Edition Prints
us: Bio/Exhibits
Fund Raiser
Preservation Links
Prints, Notecards, Posters
"I Shall Lead My Division Forward"

"I Shall Lead My Division Forward"
Gen. George E. Pickett
Image Size 11" x 15"
Release Date: March 2001
Edition size 500: 50 A/P: 25 P/P

Price: Regular edition of 500: $140.00 Unframed plus $10.00 Flat Shipping:

Price: Regular edition of 500: $300.00 Handsomely and Professionally Framed plus $40.00 Shipping:

General George E. Pickett, CSA
USMA, Class of 1846

Forever remembered for the most famous of all charges that bears his name, General George E. Pickett remains one of the most colorful and controversial personalities of the Civil War.

Born on January 25, 1825 in Richmond Virginia, George was the first of three children of Robert and Mary Johnston Pickett. George secured an appointment to West Point in 1842. A myth persists, created after Pickett’s death, by his wife LaSalle, that George was appointed to the Academy by an obscure Illinois lawyer named Abraham Lincoln. In fact young George received his appointment through Illinois Congressman John T. Stuart who was a friend of George’s Uncle Andrew Johnston, himself a lawyer in Quincy, Illinois. It is probable that Lincoln was familiar with both men in the local legal fraternity, but that is the only connection between Pickett and Lincoln.

George Pickett had a very difficult time at the Academy. He struggled to complete his course work and bristled under the numerous rules and regulations demanded by the Academy. George was unable to keep up with many of his classmates including the soon to be renowned George McClellan, Thomas J. Jackson and Jesse L. Reno. However George diligently persevered and graduated last in a class of 59. No less than 20 members of this legendary class became General Officers on both sides during the Civil War.

Second Lieutenant Pickett fought well during the Mexican War. At Chapultepec he carried the Regimental Colors over the walls, placing them atop the citadel. Between the wars he served out west in Texas and the Washington Territories at Bellingham Bay and San Juan Island.

Still in the Washington Territory in 1861, word traveled across the country in April of 1861 of Virginia’s secession from the Union. Pickett’s home ties to Virginia were strong and his course was clear. He resigned his commission from the US Army in June of 1861. An adventurous trip from San Francisco, across the isthmus of Panama, through the Port of New York to Canada and back down to Richmond took two months. Back home he offered his services to the new Confederate States of America.

He was promoted to Brigadier General and was assigned command of one of six brigades of Longstreet’s 2nd Division. In command of his brigade they fought during the Peninsula campaign at Williamsburg, Seven Pines and Gaines’ Mill where he was wounded in the left shoulder.

In September 1862, General Pickett was promoted to Major General and given command of a division of Virginians attached to Longstreet’s Corps.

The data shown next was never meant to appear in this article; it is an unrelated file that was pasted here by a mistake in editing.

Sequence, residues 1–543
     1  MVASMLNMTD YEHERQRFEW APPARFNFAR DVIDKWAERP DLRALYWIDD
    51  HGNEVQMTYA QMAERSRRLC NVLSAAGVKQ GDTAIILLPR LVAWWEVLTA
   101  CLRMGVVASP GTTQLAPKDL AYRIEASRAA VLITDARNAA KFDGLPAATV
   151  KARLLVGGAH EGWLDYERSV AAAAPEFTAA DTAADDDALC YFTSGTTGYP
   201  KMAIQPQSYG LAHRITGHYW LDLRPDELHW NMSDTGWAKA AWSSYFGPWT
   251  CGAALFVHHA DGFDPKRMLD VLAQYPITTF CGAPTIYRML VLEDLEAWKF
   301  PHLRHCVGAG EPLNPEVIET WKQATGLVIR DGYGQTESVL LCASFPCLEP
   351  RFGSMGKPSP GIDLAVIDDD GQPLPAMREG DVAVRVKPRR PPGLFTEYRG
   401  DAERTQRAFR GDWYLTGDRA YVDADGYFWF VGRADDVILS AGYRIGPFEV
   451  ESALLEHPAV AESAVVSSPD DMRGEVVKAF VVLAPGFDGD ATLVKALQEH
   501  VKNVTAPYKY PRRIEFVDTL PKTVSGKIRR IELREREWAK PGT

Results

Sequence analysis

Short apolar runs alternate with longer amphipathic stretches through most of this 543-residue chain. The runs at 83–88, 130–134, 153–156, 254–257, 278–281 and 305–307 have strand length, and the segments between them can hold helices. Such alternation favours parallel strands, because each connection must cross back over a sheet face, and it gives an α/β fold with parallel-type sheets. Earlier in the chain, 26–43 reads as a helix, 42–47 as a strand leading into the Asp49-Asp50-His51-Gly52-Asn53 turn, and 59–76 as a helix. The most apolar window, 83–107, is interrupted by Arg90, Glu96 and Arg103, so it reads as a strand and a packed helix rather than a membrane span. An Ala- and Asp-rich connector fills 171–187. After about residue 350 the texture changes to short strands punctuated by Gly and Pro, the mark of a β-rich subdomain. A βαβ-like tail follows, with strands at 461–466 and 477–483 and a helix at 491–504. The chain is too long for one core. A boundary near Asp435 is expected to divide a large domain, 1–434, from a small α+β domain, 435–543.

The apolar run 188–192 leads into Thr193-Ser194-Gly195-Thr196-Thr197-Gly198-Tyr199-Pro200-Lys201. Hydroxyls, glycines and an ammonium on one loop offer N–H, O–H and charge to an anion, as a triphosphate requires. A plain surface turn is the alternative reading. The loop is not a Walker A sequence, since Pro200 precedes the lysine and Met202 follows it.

Pickett led his division into Pennsylvania in late June, 1863, trailing the main body of the Army. They were assigned guard duty in Chambersburg but were ordered up to Gettysburg on the night of July 1-2. They arrived on Seminary Ridge late in the afternoon on July 2. Sometime during the evening of July 2, Lee conceived his plan for a grand assault against the Center of the Union Line on Cemetery Ridge. Leading the assault would be Pickett’s fresh division of Virginians.

Following a massive artillery bombardment of the Union lines, the command was given to advance the infantry as directed by Longstreet. “General, Shall I advance?” asked Pickett of Longstreet. Longstreet turned away, unable to give the direct order that he (Longstreet) disagreed with. “Then I shall lead my division forward!”, exclaimed Pickett.

Pickett rode up and down the front of his lines and shouted emotionally “Up men, and to your posts! Don’t forget today that you are from old Virginia!”

Thus started one of the most famous and ill fated charges in the history of America. Approximately 12,000 men began what has become known as “Pickett’s Charge”. Their ranks were ultimately decimated and repulsed at the “Angle” as Union reinforcements were called in to plug the few small breaches in the Union line. All of Pickett’s Brigade commandeers and virtually all of his field officers were lost in the assault. Approximately half of all the men who started the assault were killed, wounded or captured. Back on Seminary Ridge as Pickett attempted comfort his battered men he choked up and sobbed, “My brave men, my brave men.” He encountered General Lee who was trying to rally and encourage the broken troops. Lee told Pickett to“Place your division to the rear of this hill” to which Pickett bitterly replied, “General Lee, I have no division now!” George Pickett would never forgive Robert E. Lee for the loss of his proud division.

Paul R. Martin III

| President Lincoln | Gen. George Meade | Gen. George Pickett | Gen. Samuel Garland | Gen. Jesse Reno | Gen. R. E. Lee | Frederick Douglass | Joshua Chamberlain | Stonewall Jackson |
| Gettysburg Series | Great American Portrait Series | WWII Series | Revolutionary War Series | Civil War Series | West Point Series | Banners Of Glory Series |
| Return Home | Limited Edition Prints | About us: Bio/Exhibits | 9-11 Fund Raiser | What's New | Contact Us | Events Schedule | Friends- Preservation Links | Mini Prints, Notecards, Posters | book covers |

Copyright © 2017, Silent Sentinel Studio. All rights reserved.